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   The precarious social positioning and aspirations that hamstring women described by Beauvoir in 1949, still ring true today.

“In The Second Sex (1949), Simone de Beauvoir argued that women were at a disadvantage in a society where they grew up under ‘a multiplicity of incompatible myths’ about women. Instead of being encouraged to dream their own dreams and pursue meaningful projects for their lives, Beauvoir argued that the ‘myths’ proposed to women, whether in literature or history, science or psychoanalysis, encouraged them to believe that to be a woman was to be for others – and especially for men. Throughout childhood, girls were fed a steady diet of stories that led them to believe that to succeed as a woman was to succeed at love – and that to succeed at other things would make them less lovable. 

Although some of Beauvoir’s claims have dated, her method in The Second Sex was groundbreaking, two-fold and still worthy of attention: in the first volume, she explored some ‘facts and myths’ that had been written about women by men. In the second, she sought to describe what it is like for women to become women in the world where men defined them in these ways – and how it led many to feel divided and dissatisfied.

Whereas boys were brought up to believe that they could value their own independence and creativity and have flourishing personal relationships, on Beauvoir’s analysis, a woman’s education too often led her to feel ‘torn’ between choosing freedom and choosing love. ‘Woman’, she wrote, is ‘doomed’ to feelings of failure and guilt, because if she succeeded at conforming to mythical ideals of femininity she would be a mirage, not a person. She was expected to embody ‘an inhuman entity: the strong woman, the admirable mother, the virtuous woman, and so on’. Because femininity is so closely associated with prioritising the needs of others, with being likeable and giving, when a woman ‘thinks, dreams, sleeps, desires, and aspires’ for herself, she becomes less feminine – which, in the social currency of 1949 at least, meant she became a worse woman.”

    Oh my goodness, an actual intersectional analysis of oppression.  Thank you Shanita Hubbbard.  I would recommend reading the entire article as this pull quote merely sets the stage for a vivid example of multiple axis of oppression that black women face growing up in our white patriarchal society.

 

“There’s an intersection in almost every hood that teaches young girls lessons about power, racism and sexism. In the projects, where I grew up, I had to pass it almost every day to get home from school.

This intersection is where some of the guys from the neighborhood would stand around, play music, trash-talk about which artist should hold the title of greatest rapper, and then, suddenly, turn into dangerous predators when young girls walked by. This is where young girls like me learned to shrink into ourselves and remain silent.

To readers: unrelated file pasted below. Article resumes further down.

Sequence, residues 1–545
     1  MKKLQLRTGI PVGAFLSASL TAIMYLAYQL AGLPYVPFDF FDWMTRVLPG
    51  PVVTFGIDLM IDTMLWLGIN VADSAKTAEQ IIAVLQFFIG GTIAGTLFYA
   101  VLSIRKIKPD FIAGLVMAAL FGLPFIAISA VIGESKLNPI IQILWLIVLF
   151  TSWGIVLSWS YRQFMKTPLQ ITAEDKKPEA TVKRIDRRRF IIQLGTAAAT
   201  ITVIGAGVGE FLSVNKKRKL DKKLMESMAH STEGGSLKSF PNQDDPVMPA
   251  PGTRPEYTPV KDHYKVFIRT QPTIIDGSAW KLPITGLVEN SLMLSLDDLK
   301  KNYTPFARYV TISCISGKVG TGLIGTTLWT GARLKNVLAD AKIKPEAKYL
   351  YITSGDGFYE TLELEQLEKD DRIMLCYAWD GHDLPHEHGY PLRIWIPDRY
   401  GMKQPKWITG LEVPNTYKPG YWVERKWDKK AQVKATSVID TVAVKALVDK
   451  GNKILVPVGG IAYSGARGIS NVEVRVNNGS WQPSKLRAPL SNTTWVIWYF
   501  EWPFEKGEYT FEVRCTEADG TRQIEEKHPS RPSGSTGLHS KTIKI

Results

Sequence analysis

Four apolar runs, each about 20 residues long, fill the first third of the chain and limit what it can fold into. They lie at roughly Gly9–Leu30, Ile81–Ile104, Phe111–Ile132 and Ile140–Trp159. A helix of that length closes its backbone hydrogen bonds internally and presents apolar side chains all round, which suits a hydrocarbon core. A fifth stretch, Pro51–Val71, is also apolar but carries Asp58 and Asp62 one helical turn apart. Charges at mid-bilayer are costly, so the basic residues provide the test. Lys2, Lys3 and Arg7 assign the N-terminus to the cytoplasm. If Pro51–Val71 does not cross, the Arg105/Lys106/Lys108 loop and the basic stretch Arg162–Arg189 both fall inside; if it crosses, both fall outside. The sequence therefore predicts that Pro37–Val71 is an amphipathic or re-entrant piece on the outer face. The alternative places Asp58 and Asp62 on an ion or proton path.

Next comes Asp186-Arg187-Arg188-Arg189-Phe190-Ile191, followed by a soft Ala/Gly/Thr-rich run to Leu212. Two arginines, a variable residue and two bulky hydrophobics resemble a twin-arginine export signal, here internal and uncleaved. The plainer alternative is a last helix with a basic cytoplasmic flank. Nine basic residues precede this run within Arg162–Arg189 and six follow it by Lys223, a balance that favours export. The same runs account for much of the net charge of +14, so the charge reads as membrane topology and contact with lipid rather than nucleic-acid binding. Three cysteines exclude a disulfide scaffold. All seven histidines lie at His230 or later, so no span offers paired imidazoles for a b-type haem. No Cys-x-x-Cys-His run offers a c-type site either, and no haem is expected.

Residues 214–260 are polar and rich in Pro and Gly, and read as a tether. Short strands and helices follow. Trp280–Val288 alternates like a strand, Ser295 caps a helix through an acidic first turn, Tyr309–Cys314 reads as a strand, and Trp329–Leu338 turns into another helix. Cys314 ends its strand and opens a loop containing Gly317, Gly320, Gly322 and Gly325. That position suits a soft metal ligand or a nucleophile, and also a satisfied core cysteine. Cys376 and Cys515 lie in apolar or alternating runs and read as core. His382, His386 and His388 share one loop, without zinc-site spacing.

On this intersection, like so many others in the world, your body and sense of safety were both up for grabs. On a good day, if you and a girlfriend remained silent, walking past the group of “corner dudes,” who were all about 15 years your senior and screaming about what they would do to your 12-year-old body, would be a short-lived experience.

On other days, especially if you were walking alone, things would escalate quickly. One of the men would grab your butt and you would pretend you didn’t feel it. Fighting back would make things worse: If you resisted, they would scream at you, curse at you and, in one particular case, attempt to follow you home until you ran inside a store and waited them out. But cross this intersection enough times and such things start to feel normal.”

MarryWollstonecraft       “Wollstonecraft concentrated on describing the state of ignorance and servility to which women were condemned by social custom and training.  The passionate feeling with which her book is imbued give it wide social appeal and persuasive power.  […]  Wollstonecraft’s acute question – “how many generations may be necessary to give vigour to the virtue and talents of the freed posterity of abject slaves?’ – still has pertinence. “

Excerpts from A Vindication of the Rights of Woman –

“And if it be granted that women was not created merely to gratify the appetite of man, or to be the upper servant, who provides his meals and takes care of his linen, it must follow, that the first care of those mothers or fathers, who really attend to the education of females, should be, if not to strengthen the body, at least, not to destroy the constitution by mistaken notions of beauty and female excellence…

To preserve personal beauty, woman’s glory!  the limbs and faculties are cramped with worse than Chinese bands, and the sedentary life which they are condemned to live, whilst boys frolic in the open air, weakens the muscles and relaxes the nerves.  As for Rousseau’s remarks… that they have naturally, that is from their birth, independent of education, a fondness for dolls, dressing, and talking – they are so puerile as not to merit a serious refutation…

I have, probably, had an opportunity of observing more girls in their infancy that J.J. Rousseau – I can recollect my only feelings, and I have looked steadily around me; yet, so far with coinciding with him in opinion respecting the first dawn of the female character, I will venture to affirm, that a girl, whose spirits have not been damped by inactivity, or innocence tainted by false shame, will always be a romp, and the doll will never excite attention unless confinement allows her no alternative.  Girls and boys, in short, would play harmlessly together, if the distinction of sex was not inculcated long before nature makes any difference.  I will go further, and affirm, as an indisputable fact, that most of the women, in the circle of my observation, who have acted like rational creatures, or shown any vigour of intellection, have accidentally allowed to run wild…  ”